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How the FDA’s Approval Of A New Alzheimer’s Drug Could Ripple Across the Biopharma Sector

In potentially the largest biotech event of this year, the FDA has approved Biogen’s aducanumab, an Alzheimer’s drug. RBC Capital Markets’ equity research analysts outline how this much-anticipated decision may have far-reaching effects for the industry.

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By Brian Abrahams, Greg Renza, Luca Issi and Kennen MacKay
Published June 18, 2021 | 2 min read
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Required Disclosures and Disclaimers


The approval of aducanumab marks the first new treatment for Alzheimer’s for more than 17 years, a disease which affects 6.2 million Americans and many millions more worldwide. The drug is the first of its kind, aiming to clear out the amyloid plaques on the brain that some researchers believe is the root cause of the disease.

The accelerated pathway to approval

The FDA granted full approval through its accelerated approval pathway, which can be used for a drug for a serious or life-threatening illness that provides a meaningful therapeutic advantage over existing treatments. Accelerated approval can be based on the drug’s effect on a surrogate endpoint that is reasonably likely to predict a clinical benefit to patients, with a required post-approval trial to verify that the drug provides the expected clinical benefit. The agency believes that this pathway can bring therapies to patients faster while spurring more research and innovation.

Regulatory reverberations

It's impossible to say for now what the ultimate opportunity for the drug, or its impact on Alzheimer’s research and drug development, will be. But this approval does say something about regulatory interactions in the biotech sector.

“We believe the Aduhelm approval, leveraging the accelerated approval pathway, generates new perspectives and questions on current (and future) programs under development, setting the stage for companies to see new, more efficient paths to market,” says Dr. Gregory Renza, Senior Analyst of Biotechnology Equity Research at RBC Capital Markets.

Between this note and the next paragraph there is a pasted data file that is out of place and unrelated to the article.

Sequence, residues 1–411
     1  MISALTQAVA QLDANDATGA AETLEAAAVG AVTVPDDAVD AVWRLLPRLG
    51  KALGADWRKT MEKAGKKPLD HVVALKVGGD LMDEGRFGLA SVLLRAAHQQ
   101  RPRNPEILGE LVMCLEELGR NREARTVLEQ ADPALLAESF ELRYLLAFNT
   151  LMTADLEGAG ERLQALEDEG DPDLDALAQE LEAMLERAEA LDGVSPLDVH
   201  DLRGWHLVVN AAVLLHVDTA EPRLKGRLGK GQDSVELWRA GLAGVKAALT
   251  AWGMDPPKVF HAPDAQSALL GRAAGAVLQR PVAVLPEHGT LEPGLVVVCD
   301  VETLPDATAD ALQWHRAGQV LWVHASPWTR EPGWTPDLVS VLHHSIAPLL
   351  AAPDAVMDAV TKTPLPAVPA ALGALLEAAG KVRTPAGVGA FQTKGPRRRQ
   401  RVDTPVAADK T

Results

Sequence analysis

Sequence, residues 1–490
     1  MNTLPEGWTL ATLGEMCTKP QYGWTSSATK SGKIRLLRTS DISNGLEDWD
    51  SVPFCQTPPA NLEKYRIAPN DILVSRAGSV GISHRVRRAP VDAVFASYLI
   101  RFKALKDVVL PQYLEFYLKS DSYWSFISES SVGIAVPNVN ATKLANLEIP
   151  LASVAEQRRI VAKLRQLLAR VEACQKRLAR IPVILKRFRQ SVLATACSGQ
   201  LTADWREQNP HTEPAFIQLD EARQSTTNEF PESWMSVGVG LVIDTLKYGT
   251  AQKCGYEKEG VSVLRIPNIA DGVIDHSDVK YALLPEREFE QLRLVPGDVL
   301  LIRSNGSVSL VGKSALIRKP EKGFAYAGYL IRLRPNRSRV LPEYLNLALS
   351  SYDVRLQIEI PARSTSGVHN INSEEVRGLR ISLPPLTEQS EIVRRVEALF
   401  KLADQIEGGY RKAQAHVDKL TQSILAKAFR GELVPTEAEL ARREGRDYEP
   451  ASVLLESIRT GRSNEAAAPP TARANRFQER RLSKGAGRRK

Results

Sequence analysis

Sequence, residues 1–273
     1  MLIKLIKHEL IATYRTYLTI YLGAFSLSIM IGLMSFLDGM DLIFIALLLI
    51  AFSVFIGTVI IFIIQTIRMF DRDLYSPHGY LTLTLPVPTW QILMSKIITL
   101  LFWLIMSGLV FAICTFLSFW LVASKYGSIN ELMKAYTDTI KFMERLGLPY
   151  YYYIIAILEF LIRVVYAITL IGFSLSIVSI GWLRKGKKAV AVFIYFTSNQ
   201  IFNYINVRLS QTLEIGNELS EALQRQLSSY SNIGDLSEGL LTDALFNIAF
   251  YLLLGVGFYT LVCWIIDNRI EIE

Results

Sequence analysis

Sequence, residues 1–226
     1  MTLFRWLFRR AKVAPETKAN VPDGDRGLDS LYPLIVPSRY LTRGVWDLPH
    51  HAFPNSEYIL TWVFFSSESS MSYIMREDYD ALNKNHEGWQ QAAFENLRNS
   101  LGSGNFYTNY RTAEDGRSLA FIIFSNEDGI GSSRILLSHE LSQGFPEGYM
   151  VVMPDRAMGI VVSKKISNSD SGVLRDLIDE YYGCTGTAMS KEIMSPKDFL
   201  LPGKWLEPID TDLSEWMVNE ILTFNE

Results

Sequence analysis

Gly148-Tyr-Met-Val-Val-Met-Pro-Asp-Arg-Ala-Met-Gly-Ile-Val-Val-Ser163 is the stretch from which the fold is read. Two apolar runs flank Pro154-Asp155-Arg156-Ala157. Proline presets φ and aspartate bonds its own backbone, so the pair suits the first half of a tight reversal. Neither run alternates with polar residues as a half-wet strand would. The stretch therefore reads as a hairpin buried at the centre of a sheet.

“On one hand it exemplifies a now more permissive FDA stance while on the other, it also challenges the dealings of past regulatory moves that may have pressured other programs. That said, for many, the read-through is one of hope, namely to the broader neurodegenerative space where a precedent on openness to new therapeutic options has been set.”

Potential positives for neuropsychiatry and gene therapy

Not only does the approval have potential positive effects for Alzheimer’s research, but it may also spur more innovation in other neurology and psychiatry products for which the accelerated pathway could offer more success. That potential also reads through into the possibility for greater interest around M&A for assets in the neuropsychiatry space.

Luca Issi, Senior Biotechnology Analyst at RBC Capital Markets, also sees improved prospects for innovative gene therapies seeking approval. Here too, the FDA’s willingness to approve drugs on surrogate biomarkers and limited outcomes could benefit the sector.

Our analysts across the sector suggest that this may signal a more constructive FDA after months of multiple setbacks. But whether the agency ultimately proves to be more lenient remains to be determined.

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